Hollywood screenwriter Budd Schulberg passed away Wednesday at the age of 95, and the press is filled with obituaries noting his work and commenting on his most famous off-screen moment — as a ‘friendly witness’ before the House Un-American Activities Committee ‘naming names’ in the early 1950s.
Although the New York Times obituary and other press coverage that I have looked at briefly is hardly celebratory about Schulberg’s HUAC testimony, I have picked up a tribute or two on right-wing ‘cultural’ websites. They consider Schulberg — like Terry Malloy (played by Marlon Brando), the protagonist in Schulberg’s most famous screenplay, “On The Waterfront” — a ‘hero’ rather than a stool pigeon for informing on friends and former comrades, the way Malloy informed on waterfront mobsters who controlled his brother and coworkers.
When I was asked to write this commentary on Budd Schulberg, I thought of friends and comrades who have recently passed away who had lived lives of a great deal of ‘use value’ for society.
George Fishman, a few years younger than Schulberg, a Communist who was blacklisted as a teacher in Philadelphia during the period that Schulberg was a ‘friendly witness,’ continued in his commitments to the struggles of labor and the African American people, and eventually beat the blacklist, went back to teaching, went back to school, got his Ph.D. and continued as both an activist and a scholar for the rest of his life, writing important works on the history of the African American freedom struggle among many other topics
I thought also of Dee Garrison, a non-Communist a few decades younger than Schulberg, a military officer’s wife who fought to get a higher education, and became a feminist and peace-oriented scholar, teacher and colleague of mine for over 30 years at Rutgers University. She wrote an important biography of left writer Mary Heaton Vorse, and, after she retired, published “Bracing for Armageddon,” a brilliant and disturbing anti-militarist history of the civil defense program after World War II.
George and Dee both passed away very recently. Neither was famous in the commercial and establishment circles that Budd Schulberg was. But their relevant lives and work had great use value for the society and they struggled against different forms of repression and adversity to both develop themselves and contribute to society, unlike Schulberg, who, it seems to me, followed what were really the establishment trends of the various times he lived in: belonging to the CPUSA in the 1930s, aiding and abetting the anti-Communist political persecutors from a Cold War liberal position in the 1950s, attempting to associate himself with some high-profile ant-racist cultural activities in Los Angeles after the Watts riot of 1965, writing for TV and searching always for a part to play for himself — elder statesman, friend of the young and avant garde, a man who in his own mind did everything through his life to preserve and protect intellectual freedom.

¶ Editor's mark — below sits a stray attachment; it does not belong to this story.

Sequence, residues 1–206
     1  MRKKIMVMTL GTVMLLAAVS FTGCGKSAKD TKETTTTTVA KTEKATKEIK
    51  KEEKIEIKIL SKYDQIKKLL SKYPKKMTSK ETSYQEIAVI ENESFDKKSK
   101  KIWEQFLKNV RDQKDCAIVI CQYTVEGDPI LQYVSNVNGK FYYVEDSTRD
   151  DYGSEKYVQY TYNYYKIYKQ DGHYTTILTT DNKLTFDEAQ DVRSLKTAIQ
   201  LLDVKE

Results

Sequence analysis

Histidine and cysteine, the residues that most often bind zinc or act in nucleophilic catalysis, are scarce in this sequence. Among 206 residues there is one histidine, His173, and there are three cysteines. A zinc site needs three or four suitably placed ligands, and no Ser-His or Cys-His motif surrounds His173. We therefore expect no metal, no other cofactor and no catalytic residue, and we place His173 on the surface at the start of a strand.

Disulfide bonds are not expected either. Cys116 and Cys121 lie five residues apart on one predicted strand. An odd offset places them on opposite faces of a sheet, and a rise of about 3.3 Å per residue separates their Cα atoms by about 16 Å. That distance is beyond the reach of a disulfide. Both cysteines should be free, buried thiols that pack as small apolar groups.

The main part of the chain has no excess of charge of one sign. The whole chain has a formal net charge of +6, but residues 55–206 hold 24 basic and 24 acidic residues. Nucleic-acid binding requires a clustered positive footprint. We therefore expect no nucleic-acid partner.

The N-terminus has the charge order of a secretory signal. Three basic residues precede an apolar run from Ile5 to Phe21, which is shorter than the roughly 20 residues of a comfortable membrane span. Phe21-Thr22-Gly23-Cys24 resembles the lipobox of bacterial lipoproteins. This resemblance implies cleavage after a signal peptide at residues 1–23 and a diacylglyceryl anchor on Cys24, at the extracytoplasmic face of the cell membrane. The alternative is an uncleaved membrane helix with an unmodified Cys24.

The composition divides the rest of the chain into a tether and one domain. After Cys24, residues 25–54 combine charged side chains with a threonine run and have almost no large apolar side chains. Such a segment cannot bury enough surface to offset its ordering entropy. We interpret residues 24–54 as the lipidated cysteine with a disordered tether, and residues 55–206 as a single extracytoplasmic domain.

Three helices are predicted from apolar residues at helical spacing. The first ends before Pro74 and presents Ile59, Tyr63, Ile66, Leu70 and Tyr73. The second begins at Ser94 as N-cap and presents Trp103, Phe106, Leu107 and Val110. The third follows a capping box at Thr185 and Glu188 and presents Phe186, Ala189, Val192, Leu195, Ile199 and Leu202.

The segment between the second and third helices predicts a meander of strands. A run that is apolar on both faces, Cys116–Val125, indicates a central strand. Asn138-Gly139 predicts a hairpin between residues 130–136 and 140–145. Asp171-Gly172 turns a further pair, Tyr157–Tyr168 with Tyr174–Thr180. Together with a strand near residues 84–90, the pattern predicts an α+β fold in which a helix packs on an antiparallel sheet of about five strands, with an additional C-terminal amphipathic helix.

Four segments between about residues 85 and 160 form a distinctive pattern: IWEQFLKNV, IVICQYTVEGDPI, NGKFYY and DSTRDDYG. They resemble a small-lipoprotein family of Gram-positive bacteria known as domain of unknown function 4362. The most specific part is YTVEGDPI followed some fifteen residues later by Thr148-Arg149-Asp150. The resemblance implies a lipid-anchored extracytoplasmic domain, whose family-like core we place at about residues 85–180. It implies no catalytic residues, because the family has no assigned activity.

Budd Schulberg would hate to be called a conformist but frankly that is the way I see him, even though he did produce a number of powerful screenplays in his long life.
Perhaps the best way to start with Schulberg for the Peoples Weekly World would be with this adage to which there are of course many exceptions: ‘class tells.’
Schulberg was the son of Hollywood studio head and a literary agent at a time when the Hollywood business was booming, both in the 1920s and the Depression, and the rich paid even less in taxes then they do today. At a time when there was widespread anti-Semitism in U.S. universities and professional schools, particularly the elite ones, he went to the elite private school, The Deerfield Academy and to Dartmouth, an Ivy League school, in the late 1930s. He also worked there with F. Scott Fitzgerald, the famous novelist and screenwriter whose Hollywood career had collapsed.
Schulberg claimed to have been drawn to the Communist movement because of the poverty that was everywhere in the 1930s at a time when his father was earning $11,000 a week. From my readings, his work with Fitzgerald and writings for the Dartmouth humor magazine wasn’t exactly examples of young Communist activism, although in this period at least a few hundred thousand people were drawn to the CPUSA through its campaigns and influence in trade unions and a wide variety of other areas.